Today, there are several acceptable ways to define a church. Some see the church as a place where people meet. We have often heard the phrase, ‘there is a church down the street’, yet it is referred to a church even when no one is presently meeting there for services. Or someone will say that they belong to a particular ‘Baptist’ or ‘Presbyterian’ church. Ultimately, the only way to resolve this is to once again look at God’s word for the most accurate description of a church.
In a New Testament context, the Greek word for “church” means national assembly, congregation, or congregational assembly (Exegetical Dictionary of the New Testament). The word is found over 114 times in the New Testament, with the majority of occurrences in Paul’s epistles (46), followed by Revelation with 20. Of those 114 occurrences, five of them do not refer to the New Testament church, leaving 109 that actually refer to the New Testament concept of the church. Outside the epistles of Paul and Revelation, the only gospel that uses the word church is Matthew (cf. 16:18; 18:17) and that passage is critical to understanding the beginning of the revelation of the church.
Now what did this “church” consist of during its infancy? The early church gathered in homes during its infancy years (Romans 16:5, Colossians 4:15), and the term church was a way of identifying believers who gathered in certain regions (1 Corinthians 1:2; 2 Corinthians 1:1; Galatians 1:2, etc.). Anywhere believers gathered together they were called the church, not a part or fraction of the church, but the church itself. The place never defined what the church was, who the people were and what they did when they gathered, identified them as a church.
Another passage that supports the New Testament as the foundation of the church’s beginning is Ephesians 2:20. Paul said that the church was founded on the New Testament apostles and prophets, with Jesus being the chief cornerstone. The imagery here is of a new building, something that was never built before. So as we look at the early church we find that the “authentic” church consisted of all who were in Christ Jesus.
Of course, it is right to keep in mind that the original Greek word for “church” was not a religious one, but as it related to the New Testament church it was used in that way. Secondly it had a singular and plural connotation. The individual person was as much a part of the church because they were a part of those who were called out, set apart by God (1 Corinthians 1:2). Yet in a New Testament sense, the corporate concept had a greater bearing on how the church was understood as a called out people. It was a way of describing those who were in Christ.
Beyond that, the physical location was not a key component for the church, rather it was the spiritual reality that they were in Christ. Those whom the Spirit of Christ unified would be the church that met in Thessalonica, for example. The location was only a way of describing where this particular church was, without having a bearing on the quality of the church. The place did not define the church; it only identified the place of that local assembly (1 Corinthians 10:32, Ephesians 1:22; Colossians 1:18, 24).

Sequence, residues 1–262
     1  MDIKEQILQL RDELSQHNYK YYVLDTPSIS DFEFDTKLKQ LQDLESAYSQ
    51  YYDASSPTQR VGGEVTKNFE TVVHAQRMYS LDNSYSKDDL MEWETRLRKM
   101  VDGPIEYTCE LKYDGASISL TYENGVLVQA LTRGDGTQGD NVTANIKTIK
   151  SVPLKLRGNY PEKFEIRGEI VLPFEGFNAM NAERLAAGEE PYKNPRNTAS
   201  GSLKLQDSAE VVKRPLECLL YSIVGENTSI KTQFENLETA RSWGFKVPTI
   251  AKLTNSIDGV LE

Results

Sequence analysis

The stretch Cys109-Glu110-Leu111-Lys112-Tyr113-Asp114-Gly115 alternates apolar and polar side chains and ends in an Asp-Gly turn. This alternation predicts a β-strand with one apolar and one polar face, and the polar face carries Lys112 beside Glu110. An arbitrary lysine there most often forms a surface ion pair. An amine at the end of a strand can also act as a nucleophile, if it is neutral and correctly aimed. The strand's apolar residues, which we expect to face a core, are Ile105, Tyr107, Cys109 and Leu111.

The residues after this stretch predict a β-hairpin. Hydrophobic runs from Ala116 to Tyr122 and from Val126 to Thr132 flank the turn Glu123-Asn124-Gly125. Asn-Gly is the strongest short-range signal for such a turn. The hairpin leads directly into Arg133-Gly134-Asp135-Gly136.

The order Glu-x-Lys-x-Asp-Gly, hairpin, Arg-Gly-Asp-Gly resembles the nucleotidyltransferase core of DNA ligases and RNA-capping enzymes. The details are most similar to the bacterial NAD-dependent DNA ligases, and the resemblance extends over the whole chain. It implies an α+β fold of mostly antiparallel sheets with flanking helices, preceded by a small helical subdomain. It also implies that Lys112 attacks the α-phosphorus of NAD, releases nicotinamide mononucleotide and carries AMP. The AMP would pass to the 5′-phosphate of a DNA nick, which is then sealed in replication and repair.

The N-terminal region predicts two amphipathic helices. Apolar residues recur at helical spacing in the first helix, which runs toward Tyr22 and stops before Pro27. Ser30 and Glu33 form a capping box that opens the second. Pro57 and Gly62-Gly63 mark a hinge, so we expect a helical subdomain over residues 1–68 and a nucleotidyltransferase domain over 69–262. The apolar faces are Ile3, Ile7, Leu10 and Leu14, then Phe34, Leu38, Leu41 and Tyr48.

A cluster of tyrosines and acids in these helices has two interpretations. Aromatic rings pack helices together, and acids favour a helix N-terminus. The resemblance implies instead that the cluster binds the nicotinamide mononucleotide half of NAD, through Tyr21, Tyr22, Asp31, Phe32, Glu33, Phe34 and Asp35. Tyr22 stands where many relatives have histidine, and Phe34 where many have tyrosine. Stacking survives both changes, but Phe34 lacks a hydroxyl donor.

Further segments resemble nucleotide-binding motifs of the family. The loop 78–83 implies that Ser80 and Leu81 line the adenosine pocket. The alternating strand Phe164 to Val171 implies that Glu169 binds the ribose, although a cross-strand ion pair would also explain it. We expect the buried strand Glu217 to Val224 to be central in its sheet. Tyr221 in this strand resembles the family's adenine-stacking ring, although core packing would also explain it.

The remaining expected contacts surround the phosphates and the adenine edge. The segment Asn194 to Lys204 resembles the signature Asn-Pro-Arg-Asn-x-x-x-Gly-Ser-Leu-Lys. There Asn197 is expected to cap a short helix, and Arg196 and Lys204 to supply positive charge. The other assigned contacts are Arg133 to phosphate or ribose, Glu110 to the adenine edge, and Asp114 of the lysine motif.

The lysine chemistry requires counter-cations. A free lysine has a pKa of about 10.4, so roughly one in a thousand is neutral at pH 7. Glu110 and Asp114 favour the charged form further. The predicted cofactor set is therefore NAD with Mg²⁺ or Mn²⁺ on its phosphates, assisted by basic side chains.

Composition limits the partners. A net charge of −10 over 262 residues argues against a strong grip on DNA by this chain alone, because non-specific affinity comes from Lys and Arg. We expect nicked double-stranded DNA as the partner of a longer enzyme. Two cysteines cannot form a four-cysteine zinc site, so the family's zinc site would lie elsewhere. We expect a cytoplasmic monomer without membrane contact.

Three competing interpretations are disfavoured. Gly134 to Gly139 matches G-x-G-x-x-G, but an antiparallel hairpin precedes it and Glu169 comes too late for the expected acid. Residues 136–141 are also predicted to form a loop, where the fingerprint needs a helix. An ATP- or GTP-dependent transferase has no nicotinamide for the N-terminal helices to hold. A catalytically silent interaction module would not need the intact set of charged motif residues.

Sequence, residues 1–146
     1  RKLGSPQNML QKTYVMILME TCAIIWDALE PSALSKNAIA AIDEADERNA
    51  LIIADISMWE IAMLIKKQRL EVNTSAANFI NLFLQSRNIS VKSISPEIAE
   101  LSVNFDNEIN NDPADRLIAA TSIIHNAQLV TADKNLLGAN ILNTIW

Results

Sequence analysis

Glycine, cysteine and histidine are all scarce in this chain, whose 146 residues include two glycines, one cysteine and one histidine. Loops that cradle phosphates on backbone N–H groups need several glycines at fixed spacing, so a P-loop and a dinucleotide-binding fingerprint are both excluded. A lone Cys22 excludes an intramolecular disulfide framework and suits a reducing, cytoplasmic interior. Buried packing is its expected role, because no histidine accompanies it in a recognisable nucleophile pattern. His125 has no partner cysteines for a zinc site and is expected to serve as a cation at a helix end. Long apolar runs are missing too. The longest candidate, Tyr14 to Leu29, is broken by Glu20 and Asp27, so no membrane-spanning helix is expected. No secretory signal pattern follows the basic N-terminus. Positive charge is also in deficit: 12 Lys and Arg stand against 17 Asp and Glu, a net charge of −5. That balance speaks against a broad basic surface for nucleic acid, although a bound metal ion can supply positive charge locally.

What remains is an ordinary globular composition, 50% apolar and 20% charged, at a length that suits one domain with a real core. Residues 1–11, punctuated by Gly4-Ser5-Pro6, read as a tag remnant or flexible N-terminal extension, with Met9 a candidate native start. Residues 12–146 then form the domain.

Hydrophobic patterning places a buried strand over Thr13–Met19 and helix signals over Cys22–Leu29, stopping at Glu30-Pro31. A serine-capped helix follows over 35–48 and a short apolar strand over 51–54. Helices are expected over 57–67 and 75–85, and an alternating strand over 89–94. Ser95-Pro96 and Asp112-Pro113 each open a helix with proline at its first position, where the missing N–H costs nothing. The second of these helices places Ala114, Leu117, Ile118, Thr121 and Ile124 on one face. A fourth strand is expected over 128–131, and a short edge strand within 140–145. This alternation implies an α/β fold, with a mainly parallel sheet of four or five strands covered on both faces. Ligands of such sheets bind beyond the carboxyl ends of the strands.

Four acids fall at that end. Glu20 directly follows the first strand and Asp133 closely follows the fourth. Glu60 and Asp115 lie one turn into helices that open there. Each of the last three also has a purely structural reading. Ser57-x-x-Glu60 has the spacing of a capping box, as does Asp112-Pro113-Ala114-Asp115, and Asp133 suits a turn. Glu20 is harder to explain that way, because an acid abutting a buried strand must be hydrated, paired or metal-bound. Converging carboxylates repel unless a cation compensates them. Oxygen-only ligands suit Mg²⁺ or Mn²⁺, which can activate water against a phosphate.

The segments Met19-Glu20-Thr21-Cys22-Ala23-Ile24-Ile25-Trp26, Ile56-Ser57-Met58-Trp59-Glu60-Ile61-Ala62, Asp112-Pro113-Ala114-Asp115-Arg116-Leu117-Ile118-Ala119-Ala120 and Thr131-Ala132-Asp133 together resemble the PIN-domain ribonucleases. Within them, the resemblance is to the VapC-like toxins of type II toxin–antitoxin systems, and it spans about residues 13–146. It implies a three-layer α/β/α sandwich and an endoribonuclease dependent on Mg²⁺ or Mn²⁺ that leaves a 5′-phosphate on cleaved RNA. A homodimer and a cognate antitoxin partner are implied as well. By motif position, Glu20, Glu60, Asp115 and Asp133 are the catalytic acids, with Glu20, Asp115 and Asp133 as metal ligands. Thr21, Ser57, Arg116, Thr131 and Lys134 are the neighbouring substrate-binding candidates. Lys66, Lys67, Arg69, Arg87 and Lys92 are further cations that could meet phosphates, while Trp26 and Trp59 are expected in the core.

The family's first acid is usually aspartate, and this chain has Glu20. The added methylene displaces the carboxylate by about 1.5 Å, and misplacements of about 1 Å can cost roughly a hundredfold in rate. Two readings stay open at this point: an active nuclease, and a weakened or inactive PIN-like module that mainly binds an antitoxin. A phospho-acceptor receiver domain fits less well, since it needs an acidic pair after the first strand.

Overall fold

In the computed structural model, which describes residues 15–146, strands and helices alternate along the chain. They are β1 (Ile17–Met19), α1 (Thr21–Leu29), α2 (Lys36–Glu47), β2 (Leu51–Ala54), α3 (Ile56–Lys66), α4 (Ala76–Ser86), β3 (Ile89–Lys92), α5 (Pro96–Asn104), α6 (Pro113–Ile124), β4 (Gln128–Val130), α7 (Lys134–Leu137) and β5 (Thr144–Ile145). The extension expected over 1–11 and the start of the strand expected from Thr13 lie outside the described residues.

What makes someone a part of the church? You must be born again to be a part of the church (John 3:7). This begins when a sinner understands that God’s wrath is upon them (John 3:36), because they have sinned against a perfectly holy God in words, thoughts, and deeds. They recognize they cannot save themselves because no one is righteous on his own (Romans 3:9-18). These are the ones who constitute the church. They understood that by God’s doing the work of the cross is the only saving means that God has chosen (1 Cor. 1:18). Christ’s death on the cross, burial, and resurrection is the only hope of salvation (1 Cor. 15:4).
That person who is a part of the church has trusted Jesus Christ as Savior and Lord and embraced all that He has called them to do. That means they repented by turning away from a life of sinfulness (Acts 2:38; 3:19; 17:30; 1 Thessalonians 1:9); denied themselves, forsaking a life of hostility against God and turning to Christ by faith (Isaiah 55:7; Luke 9:23-24; Acts 17:30; John 3:16–18), and in trusting Him they will follow Christ in obedience (John 15:14).
If you are in Christ then you are a part of this union, a praiseworthy reality saying that you are “fellow-partakers of the promise in Christ Jesus through the gospel” (Ephesians 3:6); that what was once “hidden from ages and generations” (Colossians 1:26) has been revealed in and through the life of the church which is, “Christ in you the hope of glory” (Colossians 1:27). This is indeed the joy and blessing of the church, and to know this is only the beginning of grasping the profound reality of Christ’s blessed church.
The church consists of these people––men and women, old and young, who have been made alive through Christ Jesus. This is the church, Christ’s glorious church! Are you a part of that church?
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